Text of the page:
Steam has broken its own concurrent user records multiple times this month, most recently having more than 23 million concurrent players over the weekend.





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WeWork sells off social network Meetup to AlleyCorp and other investors – TechCrunch


Meetup, the social networking platform designed to connect people in person, is being spun out from shared office space provider WeWork, the company confirmed on Monday. The site is being sold to AlleyCorp and other private investors for an undisclosed sum, but one that’s reportedly far less than the $156 million acquisition price WeWork paid for the social network back in 2017.

Fortune (paywalled) was first to break the news of Meetup’s sale. The company has also now put out a press release with further details.

Meetup, which has operated for two-and-a-half years as a WeWork subsidiary, will divest itself from its parent company and continue to operate, it says. The site today serves 49 million registered members and more than 230,000 organizers who create an average of 15,000 in-person events per day.

Even before the COVID-19 pandemic, Meetup had been struggling. The company in November announced a round of layoffs amid other cost-cutting measures. And these had followed earlier cuts of 10% of staff during acquisition negotiations.

With the COVID-19 pandemic now in full force, fewer people than ever are willing and able to meet in-person, leading to Meetup to position itself today as a place for groups to meet “online during times of crisis,” its release said. That remains to be seen.

The investor groups in Meetup’s latest acquisition are led by Kevin Ryan’s AlleyCorp and also include other “mission-driven private funds” and “accomplished technology executives,” the company claims.

The deal will see Ryan joining Meetup as chairman of the Board. David Siegel will remain Meetup CEO and board member, and will continue to lead the company.

Meetup groups will continue to operate, as will Meetup’s enterprise business solution, Meetup Pro, which has been used by over 1,500 clients to date, including Adobe, Google, Microsoft Azure, IBM, Twitter and Looker, among others.

“This acquisition provides the long-term capital to ensure that Meetup focuses on what is most important: the organizers who make Meetup successful, our passionate members, and our dedicated employees,” said David Siegel, CEO of Meetup, in a statement. “We are excited to continue on our mission of empowering personal growth through real human connections, and I’m happy to have brought in a team of smart investors who share and support the same values,” he said.

WeWork’s intention to sell off Meetup was previously known. Unfortunately for the longtime social network, it was one of several casualties arising from WeWork’s larger troubles.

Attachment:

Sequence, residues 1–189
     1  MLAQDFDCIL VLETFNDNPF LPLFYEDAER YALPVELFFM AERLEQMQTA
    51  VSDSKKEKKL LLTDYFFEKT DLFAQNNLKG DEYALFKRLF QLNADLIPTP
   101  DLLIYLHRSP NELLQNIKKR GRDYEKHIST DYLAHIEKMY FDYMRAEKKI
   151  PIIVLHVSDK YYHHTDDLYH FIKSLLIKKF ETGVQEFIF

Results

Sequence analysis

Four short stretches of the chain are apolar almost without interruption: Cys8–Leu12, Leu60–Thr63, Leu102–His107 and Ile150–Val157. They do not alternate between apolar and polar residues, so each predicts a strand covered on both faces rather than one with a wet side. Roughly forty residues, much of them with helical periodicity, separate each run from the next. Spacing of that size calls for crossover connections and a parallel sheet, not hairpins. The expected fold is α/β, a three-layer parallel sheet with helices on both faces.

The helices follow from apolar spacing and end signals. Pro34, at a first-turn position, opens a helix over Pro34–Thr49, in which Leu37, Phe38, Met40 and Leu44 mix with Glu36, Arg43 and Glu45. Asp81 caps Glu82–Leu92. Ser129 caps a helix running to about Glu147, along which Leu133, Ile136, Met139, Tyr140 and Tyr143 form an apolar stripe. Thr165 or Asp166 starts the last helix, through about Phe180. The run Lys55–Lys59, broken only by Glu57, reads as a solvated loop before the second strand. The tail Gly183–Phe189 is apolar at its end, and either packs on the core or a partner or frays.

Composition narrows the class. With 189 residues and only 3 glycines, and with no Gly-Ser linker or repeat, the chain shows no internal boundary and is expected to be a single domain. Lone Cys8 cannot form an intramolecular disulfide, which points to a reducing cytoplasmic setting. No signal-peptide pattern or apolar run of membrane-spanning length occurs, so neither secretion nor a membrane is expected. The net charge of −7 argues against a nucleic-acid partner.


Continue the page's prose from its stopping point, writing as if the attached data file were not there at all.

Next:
It’s unclear, however, what the future holds for Meetup. Though the government lockdown policies may eventually end, consumers’ appetite for getting together in real-life groups with people they first met online may not be as strong as it was before. Meetup may have to shift more of its focus to supporting online-only groups — a market that’s today dominated by Facebook Groups, or niche apps catering to specific categories, like Peanut for moms or Nextdoor for neighbors, for instance.

“We are confident in the enormous potential of the business and Meetup’s mission of bringing people together in substantive ways,” said AlleyCorp’s Ryan, in a statement. “We are very excited to collectively serve and grow Meetup’s extensive and incredibly engaged user base.”



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Nintendo is remastering numerous Super Mario games for Switch this year


By Emily Gera,
Monday, 30 March 2020 17:23 GMT

Nintendo plans to re-release a number of titles in its Super Mario catalogue to Switch systems this year.

According to a report from VGC, multiple sources have confirmed the game company’s plans to remaster titles from the 35 year-old franchise. Eurogamer has additionally confirmed these remasters will include 1997’s Super Mario 64, 2002’s Super Mario Sunshine, and 2007’s Super Mario Galaxy.

A new instalment of Paper Mario and a deluxe version of 2013’s Super Mario 3D World are also allegedly in the works.

The Super Mario 35th Anniversary reveal was initially set to take place during E3 2020, prior to the event’s cancellation due to the ongoing COVID-19 pandemic. The company has said it will continue to be “flexible and redirect” efforts to “other ways” to keep people abreast of its activities and products, adding it will not likely attend industry events for the “foreseeable future.”

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Defense Distributed’s 3D-printed gun files are back online


3D-printed firearms company Defcad has released a trove of gun-making blueprints, only to approved US residents. According to The Wall Street Journal, Defcad is selling access for a $50 annual fee, which director Cody Wilson describes as a “Netflix for guns” model.

The company has temporarily released blueprints before. Under the Obama administration, the plan ran afoul of International Traffic in Arms Regulations (ITAR) rules that prevent exporting weapons abroad. The Trump administration offered significantly more leeway, but its approval has been tied up in legal battles. Now, Wilson tells the Journal that he’s vetting everyone who wants to access the files, using geolocation and other technical measures to ensure they’re located in the US.